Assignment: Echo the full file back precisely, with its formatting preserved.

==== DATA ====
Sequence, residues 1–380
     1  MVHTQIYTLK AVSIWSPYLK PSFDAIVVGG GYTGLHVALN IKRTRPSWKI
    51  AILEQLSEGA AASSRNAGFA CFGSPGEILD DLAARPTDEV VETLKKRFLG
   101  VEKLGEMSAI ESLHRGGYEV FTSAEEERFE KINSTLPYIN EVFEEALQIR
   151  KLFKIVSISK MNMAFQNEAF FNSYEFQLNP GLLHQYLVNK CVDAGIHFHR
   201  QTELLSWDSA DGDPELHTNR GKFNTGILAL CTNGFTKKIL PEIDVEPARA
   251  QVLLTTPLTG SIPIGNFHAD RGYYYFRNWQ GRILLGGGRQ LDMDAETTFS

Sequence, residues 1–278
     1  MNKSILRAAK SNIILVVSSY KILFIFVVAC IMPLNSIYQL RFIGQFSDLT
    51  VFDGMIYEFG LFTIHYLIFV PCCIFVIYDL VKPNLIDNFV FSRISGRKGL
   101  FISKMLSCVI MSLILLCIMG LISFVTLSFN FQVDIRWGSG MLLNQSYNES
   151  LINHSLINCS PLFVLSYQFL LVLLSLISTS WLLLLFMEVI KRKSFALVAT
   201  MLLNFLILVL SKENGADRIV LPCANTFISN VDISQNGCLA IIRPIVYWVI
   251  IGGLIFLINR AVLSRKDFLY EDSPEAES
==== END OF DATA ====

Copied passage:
Sequence, residues 1–380
     1  MVHTQIYTLK AVSIWSPYLK PSFDAIVVGG GYTGLHVALN IKRTRPSWKI
    51  AILEQLSEGA AASSRNAGFA CFGSPGEILD DLAARPTDEV VETLKKRFLG
   101  VEKLGEMSAI ESLHRGGYEV FTSAEEERFE KINSTLPYIN EVFEEALQIR
   151  KLFKIVSISK MNMAFQNEAF FNSYEFQLNP GLLHQYLVNK CVDAGIHFHR
   201  QTELLSWDSA DGDPELHTNR GKFNTGILAL CTNGFTKKIL PEIDVEPARA
   251  QVLLTTPLTG SIPIGNFHAD RGYYYFRNWQ GRILLGGGRQ LDMDAETTFS

Sequence, residues 1–278
     1  MNKSILRAAK SNIILVVSSY KILFIFVVAC IMPLNSIYQL RFIGQFSDLT
    51  VFDGMIYEFG LFTIHYLIFV PCCIFVIYDL VKPNLIDNFV FSRISGRKGL
   101  FISKMLSCVI MSLILLCIMG LISFVTLSFN FQVDIRWGSG MLLNQSYNES
   151  LINHSLINCS PLFVLSYQFL LVLLSLISTS WLLLLFMEVI KRKSFALVAT
   201  MLLNFLILVL SKENGADRIV LPCANTFISN VDISQNGCLA IIRPIVYWVI
   251  IGGLIFLINR AVLSRKDFLY EDSPEAES